Celebrating 150 years

Please join us as we honor the university’s past, celebrate its present and envision its future, from October 2020 to November 2021.

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“Forged in Gold: Missouri S&T’s First 150 Years”

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By the numbers: Fall/Winter 2019

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Bringing clean water to South America

Assessing water quality, surveying mountaintop locations and building systems to catch rainwater — that’s how members of S&T’s chapter of Engineers Without Borders spent their summer break.

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Geothermal goals exceeded

After five years of operation, Missouri S&T’s geothermal energy system continues to outperform expectations.

S&T facilities operations staff originally predicted the geothermal system would reduce campus water usage by over 10% — roughly 10 million gallons per year. The system, which went online in May 2014, cut actual water usage by 18 million to 20 million gallons a year.

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What happens in Vegas…may appear in print

In his latest volume of Las Vegas lore, historian Larry Gragg says it was deliberate publicity strategies that changed the perception of Sin City from a regional tourist destination where one could legally gamble and access legalized prostitution just outside the city limits, to a family vacation spot filled with entertainment options and surrounded by scenic beauty.

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Predicting earthquakes by analyzing the past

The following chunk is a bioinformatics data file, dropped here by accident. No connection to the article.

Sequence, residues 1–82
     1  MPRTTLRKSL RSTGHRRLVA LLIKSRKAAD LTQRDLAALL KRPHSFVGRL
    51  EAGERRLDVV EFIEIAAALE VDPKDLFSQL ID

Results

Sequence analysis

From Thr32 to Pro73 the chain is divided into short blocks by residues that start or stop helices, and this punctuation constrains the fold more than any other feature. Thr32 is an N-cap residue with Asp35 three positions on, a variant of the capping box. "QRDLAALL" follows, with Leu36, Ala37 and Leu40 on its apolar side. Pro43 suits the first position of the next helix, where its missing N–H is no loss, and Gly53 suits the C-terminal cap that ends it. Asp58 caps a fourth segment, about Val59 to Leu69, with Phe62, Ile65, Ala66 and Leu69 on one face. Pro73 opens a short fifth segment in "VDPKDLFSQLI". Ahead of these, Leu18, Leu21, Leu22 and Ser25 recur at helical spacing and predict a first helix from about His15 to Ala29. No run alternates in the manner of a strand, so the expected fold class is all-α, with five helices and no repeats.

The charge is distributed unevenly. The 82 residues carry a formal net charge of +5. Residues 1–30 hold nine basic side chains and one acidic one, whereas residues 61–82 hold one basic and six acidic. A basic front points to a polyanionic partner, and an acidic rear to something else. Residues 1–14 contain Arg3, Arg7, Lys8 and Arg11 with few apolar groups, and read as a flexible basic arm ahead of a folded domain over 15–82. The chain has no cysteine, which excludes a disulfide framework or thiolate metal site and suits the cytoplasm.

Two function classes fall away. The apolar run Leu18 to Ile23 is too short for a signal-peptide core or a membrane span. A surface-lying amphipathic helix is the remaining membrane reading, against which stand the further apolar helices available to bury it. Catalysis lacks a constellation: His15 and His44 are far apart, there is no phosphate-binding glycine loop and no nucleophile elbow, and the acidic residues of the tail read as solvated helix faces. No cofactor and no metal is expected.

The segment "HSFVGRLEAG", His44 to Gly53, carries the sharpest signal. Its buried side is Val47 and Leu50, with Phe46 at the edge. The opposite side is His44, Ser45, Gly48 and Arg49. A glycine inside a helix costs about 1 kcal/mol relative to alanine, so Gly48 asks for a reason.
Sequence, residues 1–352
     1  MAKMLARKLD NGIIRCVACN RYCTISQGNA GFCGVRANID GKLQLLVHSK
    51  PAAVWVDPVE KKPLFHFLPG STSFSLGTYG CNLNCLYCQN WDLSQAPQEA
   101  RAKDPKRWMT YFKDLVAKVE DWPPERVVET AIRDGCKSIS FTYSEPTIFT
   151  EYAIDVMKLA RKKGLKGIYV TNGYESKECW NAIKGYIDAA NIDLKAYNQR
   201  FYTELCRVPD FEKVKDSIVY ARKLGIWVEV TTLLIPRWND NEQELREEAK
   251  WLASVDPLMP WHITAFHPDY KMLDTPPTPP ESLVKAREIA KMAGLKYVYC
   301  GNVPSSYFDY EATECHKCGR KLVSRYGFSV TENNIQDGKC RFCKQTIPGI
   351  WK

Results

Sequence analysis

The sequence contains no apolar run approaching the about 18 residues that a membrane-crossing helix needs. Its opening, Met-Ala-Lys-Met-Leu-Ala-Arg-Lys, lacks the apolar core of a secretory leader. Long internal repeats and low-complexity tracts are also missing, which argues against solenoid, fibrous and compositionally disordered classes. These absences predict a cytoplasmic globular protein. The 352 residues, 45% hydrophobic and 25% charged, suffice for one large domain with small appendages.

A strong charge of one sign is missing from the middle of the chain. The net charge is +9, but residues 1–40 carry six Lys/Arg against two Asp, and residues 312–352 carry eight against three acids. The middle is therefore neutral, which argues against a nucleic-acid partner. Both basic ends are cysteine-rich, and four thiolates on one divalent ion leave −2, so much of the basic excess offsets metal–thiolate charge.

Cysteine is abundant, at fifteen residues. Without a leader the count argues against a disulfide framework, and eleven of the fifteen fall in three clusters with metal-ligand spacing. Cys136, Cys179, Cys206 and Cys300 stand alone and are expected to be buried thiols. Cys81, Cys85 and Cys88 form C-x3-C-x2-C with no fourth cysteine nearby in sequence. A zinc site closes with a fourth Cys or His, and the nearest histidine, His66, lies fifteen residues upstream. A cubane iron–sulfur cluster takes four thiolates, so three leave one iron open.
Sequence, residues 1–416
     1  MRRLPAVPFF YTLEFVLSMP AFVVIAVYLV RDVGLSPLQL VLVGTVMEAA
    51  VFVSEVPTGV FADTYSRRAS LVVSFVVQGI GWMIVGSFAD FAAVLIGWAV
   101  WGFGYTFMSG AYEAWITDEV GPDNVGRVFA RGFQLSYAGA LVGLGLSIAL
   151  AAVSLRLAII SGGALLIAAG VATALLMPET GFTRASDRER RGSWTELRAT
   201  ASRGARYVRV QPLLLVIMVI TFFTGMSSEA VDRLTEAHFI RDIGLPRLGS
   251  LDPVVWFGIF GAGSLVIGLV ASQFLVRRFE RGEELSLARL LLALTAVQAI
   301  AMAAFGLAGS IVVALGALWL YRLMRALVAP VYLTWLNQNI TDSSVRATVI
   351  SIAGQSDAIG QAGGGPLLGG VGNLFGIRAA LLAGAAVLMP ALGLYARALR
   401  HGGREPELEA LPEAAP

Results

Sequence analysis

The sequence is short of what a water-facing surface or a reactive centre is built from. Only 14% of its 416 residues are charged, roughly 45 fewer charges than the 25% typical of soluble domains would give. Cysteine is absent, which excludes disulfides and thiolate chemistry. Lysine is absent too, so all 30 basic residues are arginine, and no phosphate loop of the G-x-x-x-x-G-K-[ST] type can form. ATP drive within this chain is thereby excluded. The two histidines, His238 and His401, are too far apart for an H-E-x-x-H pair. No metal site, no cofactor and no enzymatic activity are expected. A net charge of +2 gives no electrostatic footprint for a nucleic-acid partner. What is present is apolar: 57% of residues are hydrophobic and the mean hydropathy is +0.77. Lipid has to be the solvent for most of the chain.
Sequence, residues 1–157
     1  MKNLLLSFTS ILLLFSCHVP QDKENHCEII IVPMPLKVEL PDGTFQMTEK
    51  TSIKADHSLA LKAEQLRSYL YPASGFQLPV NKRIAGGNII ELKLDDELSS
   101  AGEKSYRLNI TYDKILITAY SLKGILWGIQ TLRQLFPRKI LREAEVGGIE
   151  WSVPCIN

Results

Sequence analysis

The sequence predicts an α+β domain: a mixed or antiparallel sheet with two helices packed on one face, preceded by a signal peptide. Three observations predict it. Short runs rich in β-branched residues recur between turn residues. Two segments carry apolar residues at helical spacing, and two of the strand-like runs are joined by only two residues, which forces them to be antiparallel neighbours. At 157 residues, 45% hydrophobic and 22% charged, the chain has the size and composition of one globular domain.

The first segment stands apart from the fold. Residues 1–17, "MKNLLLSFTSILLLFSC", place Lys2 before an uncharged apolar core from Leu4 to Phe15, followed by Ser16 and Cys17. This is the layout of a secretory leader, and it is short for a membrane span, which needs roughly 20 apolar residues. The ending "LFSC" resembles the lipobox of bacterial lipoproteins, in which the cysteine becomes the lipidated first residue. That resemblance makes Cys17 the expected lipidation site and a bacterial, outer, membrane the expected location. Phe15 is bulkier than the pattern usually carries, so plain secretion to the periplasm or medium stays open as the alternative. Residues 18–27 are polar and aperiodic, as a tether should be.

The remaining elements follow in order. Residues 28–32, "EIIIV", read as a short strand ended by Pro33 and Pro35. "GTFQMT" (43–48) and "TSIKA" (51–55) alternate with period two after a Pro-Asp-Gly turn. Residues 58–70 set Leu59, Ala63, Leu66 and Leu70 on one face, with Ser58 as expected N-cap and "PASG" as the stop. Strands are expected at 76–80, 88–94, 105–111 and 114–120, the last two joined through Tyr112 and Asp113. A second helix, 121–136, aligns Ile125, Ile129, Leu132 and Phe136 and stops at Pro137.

This past summer’s southern California earthquakes, one a 6.4 magnitude and another a 7.1 magnitude, make accurately predicting when and where the next one will occur more important than ever.

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Recycle your Solar panels

The U.S. gets about 2.3% of its electricity from solar energy, and solar energy use is only expected to grow. By some estimates, nearly half a million solar panels are installed every day. But what happens to all those panels once they’re no longer usable in 20–30 years?

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Testing the road before it’s built

Two recent Missouri S&T graduates used a driving simulator to help a civil engineering firm evaluate a new roadway design for the $18.6 million Route 160 widening project from Springfield to Willard, Mo.

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Studying the wind

Less than 24 hours after tornadoes swept through communities across Missouri last May, Guirong “Grace” Yan was inspecting the damage in Jefferson City, one of the cities hit by the tornado outbreak.

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